Want to sell Gold or Silver? M J Hughes Coins are interested in buying your Coins, Scrap Gold, Scrap Silver, Jewellery and Pre-1947 Coins. Selling to me means that you do not have to pay sellers fees, Paypal fees or any other transaction fees. I will give you an immediate offer and pay you the same day. Single coins or entire collection. Please email or telephone us.
The reverse shows the Shield of the Royal Arms representing the United Kingdom. The design is by Matthew Dent.
The Obverse is the portrait of Queen Elizabeth II by Ian Rank-Broadley.
The edge inscription is DECUS ET TUTAMEN which means 'An ornament and a safeguard'.
Mintage: 13,090,500 (may include coins issued as part of a set). Minted at The Royal Mint.
The main currency of the UK, the GBP £1 coin replaced the previous £1 banknote in April 1983.
The 2013 One Pound Coin - Shield of the Royal Arms (a British one pound (£1) coin) is a denomination of the pound sterling. Its obverse bears the Latin engraving "Dei Gratia Regina" meaning, "By the grace of God, Queen" and FD meaning "Defender of the Faith."
It has featured the profile of Queen Elizabeth II since the coin's introduction on 21 April 1983. Four different portraits of the Queen have been used:
- 1983-1984 Arnold Machin
- 1985-1997 Raphael Maklouf
- 1998-2015 Ian Rank-Broadley
- 2015 to date Jody Clark
The coin replaced the Bank of England £1 note, which ceased to be issued at the end of 1984 and was removed from circulation on 11 March 1988, though still redeemable at the Bank's offices, like all English banknotes. One-pound notes continue to be issued in Jersey, Guernsey and the Isle of Man, and by the Royal Bank of Scotland, but the pound coin is much more widely used.
The round coin is made in Nickel-brass (70% Cu, 24.5% Zn, and 5.5% Ni). Most years there has been a variant as silver, piedfort silver, gold and sometimes platinum.
At 31 March 2016 it was estimated that there were 1,671,328,000 pound coins in circulation. The Royal Mint estimated in 2014 that 3.04% (about 47 million) were counterfeit and mainly because of this it was decided to change the design. Note that even some of the uncirculated coins have been counterfeited so this is still a problem for collectors.
Most one pound coins have an edge inscription, although sometimes this has been replaced with incuse patterns. The common incriptions are:
|DECUS ET TUTAMEN||'An ornament and a safeguard' from Virgil's Aeneid|
|NEMO ME IMPUNE LACESSIT||'No one provokes me with impunity'. The Motto of the Order of the Thistle|
|PLEIDIOL WYF I'M GWLAD||'True am I to my country' from the Welsh National Anthem|
|PRO TANTO QUID RETRIBUAMUS||'What shall we give in return for so much.' The Motto of Belfast|
|DOMINE DIRIGE NOS||'Lord direct us.' The Motto of London|
|Y DDRAIG GOCH DDYRY CYCHWYN||‘The Red Dragon shall lead’ The Motto of Cardiff|
|NISI DOMINUS FRUSTRA||‘It is vain without the Lord’ The Motto of Edinburgh|
The final round coins were minted in December 2015. Their replacement, a new 12-sided design, was introduced from 28 March 2017 onwards. It is of a similar 12-sided shape to the pre-decimal brass threepence coin, is roughly the same size as the current £1 coin and is bimetallic like the current £2 coin. The new design is intended to make counterfeiting more difficult, via an undisclosed hidden security feature, called 'iSIS' (Integrated Secure Identification Systems).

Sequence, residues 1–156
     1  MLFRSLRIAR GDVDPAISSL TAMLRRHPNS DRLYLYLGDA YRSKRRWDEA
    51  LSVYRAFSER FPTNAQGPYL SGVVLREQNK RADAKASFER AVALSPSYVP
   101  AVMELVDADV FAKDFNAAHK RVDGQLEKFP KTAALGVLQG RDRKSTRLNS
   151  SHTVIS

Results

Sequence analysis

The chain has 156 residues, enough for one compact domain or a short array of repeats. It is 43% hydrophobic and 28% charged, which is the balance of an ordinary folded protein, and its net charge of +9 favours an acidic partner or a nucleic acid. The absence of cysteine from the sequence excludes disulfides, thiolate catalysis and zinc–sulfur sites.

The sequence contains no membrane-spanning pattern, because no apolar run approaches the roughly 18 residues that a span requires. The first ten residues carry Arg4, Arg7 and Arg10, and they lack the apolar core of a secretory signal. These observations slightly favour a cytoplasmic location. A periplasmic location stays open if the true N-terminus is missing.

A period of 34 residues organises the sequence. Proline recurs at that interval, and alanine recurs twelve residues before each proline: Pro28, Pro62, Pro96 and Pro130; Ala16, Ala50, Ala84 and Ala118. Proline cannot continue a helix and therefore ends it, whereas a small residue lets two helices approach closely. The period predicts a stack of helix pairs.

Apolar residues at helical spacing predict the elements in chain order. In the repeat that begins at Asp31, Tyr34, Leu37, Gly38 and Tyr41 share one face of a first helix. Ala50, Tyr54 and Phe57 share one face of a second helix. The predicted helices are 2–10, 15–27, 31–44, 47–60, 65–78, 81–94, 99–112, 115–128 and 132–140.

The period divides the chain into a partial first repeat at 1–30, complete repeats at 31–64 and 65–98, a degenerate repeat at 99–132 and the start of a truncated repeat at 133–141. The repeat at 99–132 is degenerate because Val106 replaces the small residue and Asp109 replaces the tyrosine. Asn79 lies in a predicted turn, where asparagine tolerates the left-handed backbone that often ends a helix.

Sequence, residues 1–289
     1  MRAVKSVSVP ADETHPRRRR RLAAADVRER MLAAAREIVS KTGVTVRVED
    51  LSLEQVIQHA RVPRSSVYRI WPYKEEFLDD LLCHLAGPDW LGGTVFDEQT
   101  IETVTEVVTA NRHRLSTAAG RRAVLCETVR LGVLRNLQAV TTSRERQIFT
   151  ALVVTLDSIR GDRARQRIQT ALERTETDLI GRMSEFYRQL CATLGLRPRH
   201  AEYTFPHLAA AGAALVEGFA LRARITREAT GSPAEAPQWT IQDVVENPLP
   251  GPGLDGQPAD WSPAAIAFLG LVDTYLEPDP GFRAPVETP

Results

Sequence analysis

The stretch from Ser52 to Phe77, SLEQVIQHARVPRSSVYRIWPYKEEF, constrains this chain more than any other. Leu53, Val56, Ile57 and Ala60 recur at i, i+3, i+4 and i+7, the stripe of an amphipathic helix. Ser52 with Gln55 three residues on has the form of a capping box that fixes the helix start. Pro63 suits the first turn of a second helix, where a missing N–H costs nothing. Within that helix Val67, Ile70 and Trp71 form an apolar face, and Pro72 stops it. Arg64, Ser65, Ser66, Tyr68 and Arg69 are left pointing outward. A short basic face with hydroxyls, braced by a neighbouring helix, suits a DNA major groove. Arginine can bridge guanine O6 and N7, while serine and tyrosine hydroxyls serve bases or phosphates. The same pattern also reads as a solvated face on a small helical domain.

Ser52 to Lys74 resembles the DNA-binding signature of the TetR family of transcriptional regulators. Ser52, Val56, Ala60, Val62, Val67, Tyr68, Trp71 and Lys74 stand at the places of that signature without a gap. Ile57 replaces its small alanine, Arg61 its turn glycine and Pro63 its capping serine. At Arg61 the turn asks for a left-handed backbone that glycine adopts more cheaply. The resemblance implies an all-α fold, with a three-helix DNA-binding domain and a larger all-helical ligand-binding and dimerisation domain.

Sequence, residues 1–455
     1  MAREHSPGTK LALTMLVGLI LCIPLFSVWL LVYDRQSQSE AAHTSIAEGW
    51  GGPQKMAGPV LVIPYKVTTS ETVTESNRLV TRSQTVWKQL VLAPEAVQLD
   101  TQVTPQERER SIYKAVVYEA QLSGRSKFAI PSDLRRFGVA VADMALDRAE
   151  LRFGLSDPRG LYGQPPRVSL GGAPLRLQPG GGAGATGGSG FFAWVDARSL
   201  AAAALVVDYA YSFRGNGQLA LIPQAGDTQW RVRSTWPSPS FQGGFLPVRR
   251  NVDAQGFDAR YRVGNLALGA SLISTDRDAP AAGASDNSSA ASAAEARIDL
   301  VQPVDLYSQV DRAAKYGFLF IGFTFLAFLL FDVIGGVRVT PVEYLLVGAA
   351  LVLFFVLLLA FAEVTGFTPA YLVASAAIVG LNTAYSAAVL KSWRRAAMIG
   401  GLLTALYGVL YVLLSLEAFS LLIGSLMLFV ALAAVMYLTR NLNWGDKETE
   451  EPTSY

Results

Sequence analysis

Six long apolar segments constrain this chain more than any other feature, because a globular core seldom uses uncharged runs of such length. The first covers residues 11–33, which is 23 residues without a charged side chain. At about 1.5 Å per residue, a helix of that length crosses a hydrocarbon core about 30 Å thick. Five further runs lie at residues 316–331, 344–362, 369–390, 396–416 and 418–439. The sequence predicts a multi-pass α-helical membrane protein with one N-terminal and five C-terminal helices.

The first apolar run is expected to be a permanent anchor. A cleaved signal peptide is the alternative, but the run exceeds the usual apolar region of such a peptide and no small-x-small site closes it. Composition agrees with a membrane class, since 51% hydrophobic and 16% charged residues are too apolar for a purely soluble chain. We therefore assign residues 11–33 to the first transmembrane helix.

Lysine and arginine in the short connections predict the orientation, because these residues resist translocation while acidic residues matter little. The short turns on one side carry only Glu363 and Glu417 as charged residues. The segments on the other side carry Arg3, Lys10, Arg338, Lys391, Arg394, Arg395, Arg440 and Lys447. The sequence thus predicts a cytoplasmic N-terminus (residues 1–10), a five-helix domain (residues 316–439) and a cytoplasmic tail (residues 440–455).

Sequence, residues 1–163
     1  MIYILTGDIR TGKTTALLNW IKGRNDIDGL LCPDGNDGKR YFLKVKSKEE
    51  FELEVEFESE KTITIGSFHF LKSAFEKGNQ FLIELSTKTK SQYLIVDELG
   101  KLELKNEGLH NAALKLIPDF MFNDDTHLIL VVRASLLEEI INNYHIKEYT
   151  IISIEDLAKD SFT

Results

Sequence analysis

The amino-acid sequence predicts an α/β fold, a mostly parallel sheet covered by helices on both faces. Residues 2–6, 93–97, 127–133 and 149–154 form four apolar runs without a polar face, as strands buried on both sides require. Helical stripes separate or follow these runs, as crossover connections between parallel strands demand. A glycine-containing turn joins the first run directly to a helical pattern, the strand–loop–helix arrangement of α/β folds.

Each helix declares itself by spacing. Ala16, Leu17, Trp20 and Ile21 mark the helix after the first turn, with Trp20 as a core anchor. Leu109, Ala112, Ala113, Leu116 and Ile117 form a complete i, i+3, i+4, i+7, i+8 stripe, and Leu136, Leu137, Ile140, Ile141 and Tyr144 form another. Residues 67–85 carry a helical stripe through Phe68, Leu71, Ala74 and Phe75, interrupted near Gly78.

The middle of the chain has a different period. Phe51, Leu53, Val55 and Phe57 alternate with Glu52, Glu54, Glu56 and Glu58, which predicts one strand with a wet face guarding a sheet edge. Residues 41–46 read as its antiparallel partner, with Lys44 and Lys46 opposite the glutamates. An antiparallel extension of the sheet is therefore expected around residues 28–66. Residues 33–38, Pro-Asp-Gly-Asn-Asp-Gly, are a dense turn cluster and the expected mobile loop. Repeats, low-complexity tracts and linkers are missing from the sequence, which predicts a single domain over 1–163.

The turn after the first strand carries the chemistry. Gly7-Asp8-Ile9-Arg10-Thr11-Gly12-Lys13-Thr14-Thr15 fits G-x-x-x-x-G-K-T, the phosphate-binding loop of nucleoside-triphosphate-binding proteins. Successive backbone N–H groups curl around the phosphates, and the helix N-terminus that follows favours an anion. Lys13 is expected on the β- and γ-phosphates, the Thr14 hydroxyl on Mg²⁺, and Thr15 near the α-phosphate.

To reach the initial production of 1.5 billion pound coins to replace the exsiting coins the Royal Mint used ten presses 24×7 making 140,000 coins per hour. It takes a long time to restock the entire country and that’s why the new coins are dated 2016 and 2017 despite not being legal tender until March 2017.
The old round one pound coin ceases to be legal tender on 15 October 2017.
Formed in the reign of Alfred the Great about the year 886, it moved to the Tower of London in 1279 and remained there for over 500 years. The Master of The Royal Mint has included famous figures such as Sir Isaac Newton. Since 2010 it has operated as Royal Mint Ltd, a company owned by HM Treasury, under an exclusive contract to supply all coinage for the UK although it also produces medals and coins for other countries. It is currently located at Llantrisant, Wales.
Queen Elizabeth II has issued many coins and was monarch during decimalisation.
It's orignal coinage was Pounds, Shillings and Pence but since decimalisation on 15 February 1971, it is £1 = 100p, that is One Pound = 100 pence. The coinage of the UK is also a long history, the Royal Mint being established as long ago as 886AD when coins were hammered. Today there are perhaps 30 billion coins in circulation, and many (numismatic) collectors coins and sets are issued frequently in gold, silver and other metals.
Want to sell Gold or Silver? M J Hughes Coins are interested in buying your Coins, Scrap Gold, Scrap Silver, Jewellery and Pre-1947 Coins. Selling to me means that you do not have to pay sellers fees, Paypal fees or any other transaction fees. I will give you an immediate offer and pay you the same day. Single coins or entire collection. There are a number of ways you can sell to us: